Monday night’s talk echoed an intimate discussion held in Concordia’s SCPA building on Mackay Street days before, when a small group of students gathered to watch “Journey to Justice,” a 2000 National Film Board film about a group of Canadians who challenged the country’s racism.

The group, hosted by Concordia student Aminka Belvitt on Friday evening, pointed to the lack of openness about race in Canada.

“It’s passive,” Belvitt said, also pointing to the lack of media coverage of Montreal’s Black communities outside of Black History Month.

Dwight Best, Concordia graduate and founder of the African and Caribbean Students’ Network of Canada, was at the movie’s screening at Concordia Friday as well as Monday night’s panel at McGill.

He says that like it or not, the four February weeks dedicated to Black history are a tool for awareness.

“Canada has a lot of work to do,” he told The Link after Monday’s talk. “I think we’re really doing ourselves a disservice by not talking about how Canada came to be. There’s a lot of myth, there’s a lot of hampering the historical reality with what we would like it to be and that has been engineered.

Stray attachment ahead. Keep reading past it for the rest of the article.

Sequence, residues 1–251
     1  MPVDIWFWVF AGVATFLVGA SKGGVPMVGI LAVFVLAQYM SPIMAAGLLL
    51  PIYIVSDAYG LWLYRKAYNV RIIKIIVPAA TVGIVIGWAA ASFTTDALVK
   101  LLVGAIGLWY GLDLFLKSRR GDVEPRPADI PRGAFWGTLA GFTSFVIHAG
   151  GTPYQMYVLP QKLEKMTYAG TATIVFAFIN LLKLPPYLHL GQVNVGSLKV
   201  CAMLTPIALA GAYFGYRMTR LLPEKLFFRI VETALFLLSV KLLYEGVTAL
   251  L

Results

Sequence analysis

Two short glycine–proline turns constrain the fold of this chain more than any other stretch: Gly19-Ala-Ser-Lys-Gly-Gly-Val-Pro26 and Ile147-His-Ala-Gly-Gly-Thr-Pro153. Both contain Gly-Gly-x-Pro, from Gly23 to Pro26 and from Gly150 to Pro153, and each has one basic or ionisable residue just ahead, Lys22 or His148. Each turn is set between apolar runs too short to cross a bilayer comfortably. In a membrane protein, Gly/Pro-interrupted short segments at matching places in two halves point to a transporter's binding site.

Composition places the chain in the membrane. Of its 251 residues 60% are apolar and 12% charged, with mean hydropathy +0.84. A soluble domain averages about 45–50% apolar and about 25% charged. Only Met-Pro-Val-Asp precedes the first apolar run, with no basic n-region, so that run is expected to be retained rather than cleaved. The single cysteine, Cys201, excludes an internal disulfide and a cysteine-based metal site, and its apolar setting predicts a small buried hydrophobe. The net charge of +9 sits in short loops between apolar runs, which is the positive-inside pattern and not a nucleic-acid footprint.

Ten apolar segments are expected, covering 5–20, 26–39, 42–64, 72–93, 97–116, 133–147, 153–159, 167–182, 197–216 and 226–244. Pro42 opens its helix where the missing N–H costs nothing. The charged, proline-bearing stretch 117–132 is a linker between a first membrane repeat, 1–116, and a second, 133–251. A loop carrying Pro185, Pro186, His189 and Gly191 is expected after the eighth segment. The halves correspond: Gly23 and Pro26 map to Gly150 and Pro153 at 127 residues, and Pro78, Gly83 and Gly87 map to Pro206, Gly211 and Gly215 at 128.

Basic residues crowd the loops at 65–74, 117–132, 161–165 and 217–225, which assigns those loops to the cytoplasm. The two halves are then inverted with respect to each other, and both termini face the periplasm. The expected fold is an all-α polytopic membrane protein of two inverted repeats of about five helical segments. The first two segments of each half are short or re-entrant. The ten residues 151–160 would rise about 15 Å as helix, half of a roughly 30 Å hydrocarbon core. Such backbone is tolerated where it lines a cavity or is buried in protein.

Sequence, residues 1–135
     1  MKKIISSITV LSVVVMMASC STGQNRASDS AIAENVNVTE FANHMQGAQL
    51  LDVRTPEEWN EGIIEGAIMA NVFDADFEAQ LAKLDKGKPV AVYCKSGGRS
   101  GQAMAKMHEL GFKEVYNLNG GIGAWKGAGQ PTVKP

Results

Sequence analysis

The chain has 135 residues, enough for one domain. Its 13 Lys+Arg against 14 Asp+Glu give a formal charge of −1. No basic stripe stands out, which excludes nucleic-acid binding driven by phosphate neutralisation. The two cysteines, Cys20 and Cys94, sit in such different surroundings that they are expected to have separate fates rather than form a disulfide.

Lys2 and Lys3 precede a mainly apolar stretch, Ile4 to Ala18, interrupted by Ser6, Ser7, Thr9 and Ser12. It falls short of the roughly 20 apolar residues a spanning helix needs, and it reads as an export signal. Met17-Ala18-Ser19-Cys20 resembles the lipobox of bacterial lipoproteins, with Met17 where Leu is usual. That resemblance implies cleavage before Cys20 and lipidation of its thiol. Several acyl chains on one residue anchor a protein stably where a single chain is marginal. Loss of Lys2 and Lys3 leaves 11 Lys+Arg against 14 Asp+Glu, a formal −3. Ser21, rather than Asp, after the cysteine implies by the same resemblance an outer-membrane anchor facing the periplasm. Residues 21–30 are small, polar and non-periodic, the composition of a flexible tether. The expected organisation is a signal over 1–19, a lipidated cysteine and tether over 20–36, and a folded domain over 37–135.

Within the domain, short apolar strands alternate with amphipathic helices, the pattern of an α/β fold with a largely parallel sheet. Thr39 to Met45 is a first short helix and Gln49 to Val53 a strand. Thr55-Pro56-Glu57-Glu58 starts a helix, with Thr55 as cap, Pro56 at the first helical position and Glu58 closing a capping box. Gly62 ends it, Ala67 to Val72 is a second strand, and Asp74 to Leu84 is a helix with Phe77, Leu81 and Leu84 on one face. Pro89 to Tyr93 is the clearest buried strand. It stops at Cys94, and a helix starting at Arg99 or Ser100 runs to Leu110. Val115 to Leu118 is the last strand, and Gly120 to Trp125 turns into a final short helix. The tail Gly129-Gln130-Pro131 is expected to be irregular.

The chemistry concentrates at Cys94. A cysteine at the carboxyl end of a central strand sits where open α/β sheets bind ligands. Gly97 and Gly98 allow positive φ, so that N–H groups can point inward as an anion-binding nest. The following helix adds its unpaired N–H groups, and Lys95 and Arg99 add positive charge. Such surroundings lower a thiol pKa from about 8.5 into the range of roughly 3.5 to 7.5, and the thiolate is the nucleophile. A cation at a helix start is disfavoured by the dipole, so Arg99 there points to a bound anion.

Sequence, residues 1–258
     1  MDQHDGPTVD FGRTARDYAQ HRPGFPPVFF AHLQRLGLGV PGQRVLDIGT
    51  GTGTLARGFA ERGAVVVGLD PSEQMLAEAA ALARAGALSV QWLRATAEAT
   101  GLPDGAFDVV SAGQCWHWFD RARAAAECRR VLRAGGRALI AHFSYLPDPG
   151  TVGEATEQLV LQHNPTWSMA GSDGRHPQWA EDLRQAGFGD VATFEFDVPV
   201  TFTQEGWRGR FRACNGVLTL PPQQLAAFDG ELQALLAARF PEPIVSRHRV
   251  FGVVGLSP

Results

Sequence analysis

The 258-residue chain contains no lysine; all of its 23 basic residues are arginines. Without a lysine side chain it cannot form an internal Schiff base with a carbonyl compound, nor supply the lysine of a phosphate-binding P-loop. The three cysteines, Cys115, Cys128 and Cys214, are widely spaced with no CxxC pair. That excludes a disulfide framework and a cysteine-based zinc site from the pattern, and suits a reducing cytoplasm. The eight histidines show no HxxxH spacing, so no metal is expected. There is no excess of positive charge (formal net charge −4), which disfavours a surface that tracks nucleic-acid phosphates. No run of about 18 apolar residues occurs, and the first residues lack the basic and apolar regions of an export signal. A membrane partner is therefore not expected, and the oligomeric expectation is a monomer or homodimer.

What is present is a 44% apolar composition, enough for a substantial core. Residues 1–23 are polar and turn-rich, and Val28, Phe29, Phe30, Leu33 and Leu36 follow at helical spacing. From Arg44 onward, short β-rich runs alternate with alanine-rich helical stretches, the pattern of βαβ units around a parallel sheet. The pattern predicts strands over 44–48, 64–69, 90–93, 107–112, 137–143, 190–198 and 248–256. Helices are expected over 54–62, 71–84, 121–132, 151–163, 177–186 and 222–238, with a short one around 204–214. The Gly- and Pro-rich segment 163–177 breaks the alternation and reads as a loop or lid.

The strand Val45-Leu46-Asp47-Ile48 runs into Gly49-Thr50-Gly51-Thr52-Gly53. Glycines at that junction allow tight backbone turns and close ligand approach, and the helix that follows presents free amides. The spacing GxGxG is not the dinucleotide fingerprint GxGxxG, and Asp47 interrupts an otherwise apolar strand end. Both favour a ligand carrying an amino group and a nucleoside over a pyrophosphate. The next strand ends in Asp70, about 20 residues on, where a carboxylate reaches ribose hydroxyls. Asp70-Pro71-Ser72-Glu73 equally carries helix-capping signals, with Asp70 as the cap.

“I think it’s important that we have a more honest, a more mature understanding of who we are,” he added.

Canada’s reticence toward discussing its racial history has also been institutionalized, the three panelists agreed Monday. In Quebec, focus is directed at language and the oppression of francophones under British rule, which results in it its problematic relationship with race being overlooked.

“A lot less attention needs to be paid to language and much more to race,” Leroux said.

He dispelled a common myth that every Quebecois has Aboriginal blood in them. Records show that only 13 First Nations women married settlers, he countered.

“This is the logic of francophone racism in Quebec—that they don’t have to talk about indigenous rights and indigenous land claims because they somehow are ‘pure laine’,” Nelson added to Leroux, citing the common trope used by Quebecers, which refers to exclusively French settler ancestry and conflicts with the false notion of widespread Aboriginal ancestry.

In fact, there were many liaisons between French and Irish settlers in the New France that predates Canada and Quebec.